We watched a documentary last night called The Dhamma Brothers. It was so powerfully moving, at so many levels, that I found myself lying awake thinking about the courage of these men: the prisoners, the men who went into the prison to teach, and the Director of Treatment for the Alabama Dept. of Corrections who had the vision and insight to try something new.
For many years, I believed that I didn’t have the patience to meditate, but what I really didn’t have, was the burning desire or discipline to focus my mind. I’d justify this by thinking, “I know plenty of people who meditate and they don’t seem that happy or centered or …whatever.” But a couple of years ago, I found a book (The Master Key System, by Charles Haanel*, published in 1912) and the way that he introduced meditation made me think that maybe I could do it. He talked about simply sitting for 5 minutes, closing your eyes, (and not moving) as a start. Just quieting my body in this way was what finally brought me to fully embrace meditation. And instead of thinking of it as a disapline, or a necessary (but unpleasant) chore, I’ve come to love the feeling of calm that it brings.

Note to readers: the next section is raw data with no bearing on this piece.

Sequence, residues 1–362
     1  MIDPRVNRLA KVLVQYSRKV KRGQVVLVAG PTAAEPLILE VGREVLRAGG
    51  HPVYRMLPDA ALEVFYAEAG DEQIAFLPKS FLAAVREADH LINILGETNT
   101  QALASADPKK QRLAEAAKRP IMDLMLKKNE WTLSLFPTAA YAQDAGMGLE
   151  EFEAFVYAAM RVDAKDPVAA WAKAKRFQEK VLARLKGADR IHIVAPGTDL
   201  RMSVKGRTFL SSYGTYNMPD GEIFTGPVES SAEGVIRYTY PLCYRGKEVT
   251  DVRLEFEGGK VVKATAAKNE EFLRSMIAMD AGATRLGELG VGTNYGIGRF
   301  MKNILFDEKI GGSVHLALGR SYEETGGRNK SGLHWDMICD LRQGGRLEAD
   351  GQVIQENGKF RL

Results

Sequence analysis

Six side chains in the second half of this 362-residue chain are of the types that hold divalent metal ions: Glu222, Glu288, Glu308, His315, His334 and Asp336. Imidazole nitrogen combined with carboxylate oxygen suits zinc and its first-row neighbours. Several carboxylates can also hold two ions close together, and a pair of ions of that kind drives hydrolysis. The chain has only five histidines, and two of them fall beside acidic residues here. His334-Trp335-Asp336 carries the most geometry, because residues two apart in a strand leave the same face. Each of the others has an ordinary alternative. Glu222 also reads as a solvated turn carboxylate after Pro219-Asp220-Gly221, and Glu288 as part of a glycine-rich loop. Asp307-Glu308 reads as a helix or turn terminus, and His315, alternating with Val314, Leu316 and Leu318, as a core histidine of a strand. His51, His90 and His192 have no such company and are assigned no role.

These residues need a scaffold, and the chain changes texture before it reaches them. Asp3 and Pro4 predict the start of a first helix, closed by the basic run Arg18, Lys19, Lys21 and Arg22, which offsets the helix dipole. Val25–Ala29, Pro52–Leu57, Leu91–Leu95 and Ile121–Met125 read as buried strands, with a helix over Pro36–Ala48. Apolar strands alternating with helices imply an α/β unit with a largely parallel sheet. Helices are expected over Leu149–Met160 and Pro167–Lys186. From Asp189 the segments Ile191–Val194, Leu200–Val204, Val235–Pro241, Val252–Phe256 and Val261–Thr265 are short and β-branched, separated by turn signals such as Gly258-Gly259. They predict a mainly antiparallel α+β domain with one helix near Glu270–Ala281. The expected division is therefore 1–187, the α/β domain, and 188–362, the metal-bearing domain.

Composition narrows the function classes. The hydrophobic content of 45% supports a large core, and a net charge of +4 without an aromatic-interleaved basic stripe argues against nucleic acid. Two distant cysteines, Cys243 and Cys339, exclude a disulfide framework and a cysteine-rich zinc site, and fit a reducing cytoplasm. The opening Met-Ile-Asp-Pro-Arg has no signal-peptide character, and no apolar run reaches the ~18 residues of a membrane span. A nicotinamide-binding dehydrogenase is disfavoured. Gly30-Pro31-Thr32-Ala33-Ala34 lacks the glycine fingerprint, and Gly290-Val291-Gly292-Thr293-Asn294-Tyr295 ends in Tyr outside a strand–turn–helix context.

An overcrowded, violent maximum-security prison, the end of the line in Alabama’s prison system, is dramatically changed by the influence of an ancient meditation program. Behind high security towers and a double row of barbed wire and electrical fence live over 1,500 prisoners, many of whom will never again know life in the outside world. But for some of these men, a spark is ignited when it becomes the first maximum-security prison in North America to hold an extended Vipassana retreat, an emotionally and physically demanding program of silent meditation lasting ten days and requiring 100 hours of meditation.
The Dhamma Brothers tells a dramatic tale of human potential and transformation as it closely follows and documents the stories of the prison inmates at Donaldson Correctional Facility as they enter into this arduous and intensive program. This film has the power to dismantle stereotypes about men behind prison bars.
“For the first time, I could observe my pain and grief. I felt a tear fall. Then something broke, and I couldn’t stop sobbing.
I found myself in a terrain where I had always wanted to be, but never had a map. I found myself in the inner landscape, and now I had some direction.”
– Omar Rahman, Dhamma Brother
“Vipassana is what all the other treatment programs are
hoping for. It actually works, and has a demonstrable effect
on the inmates and a positive effect on the staff.”
– Dr. Ron Cavanaugh,
Director of Treatment for the Alabama Department of Corrections
To create a national conversation and a call to action about the need for effective prison treatment programs through a national public television broadcast, widespread theatrical, grassroots and educational screenings, and distribution to prisons of The Dhamma Brothers documentary film. Both film and companion book, Letters From the Dhamma Brothers, open hearts and minds to the possibility that prisons can become places for effective rehabilitation, ensuring safer prisons and safer streets.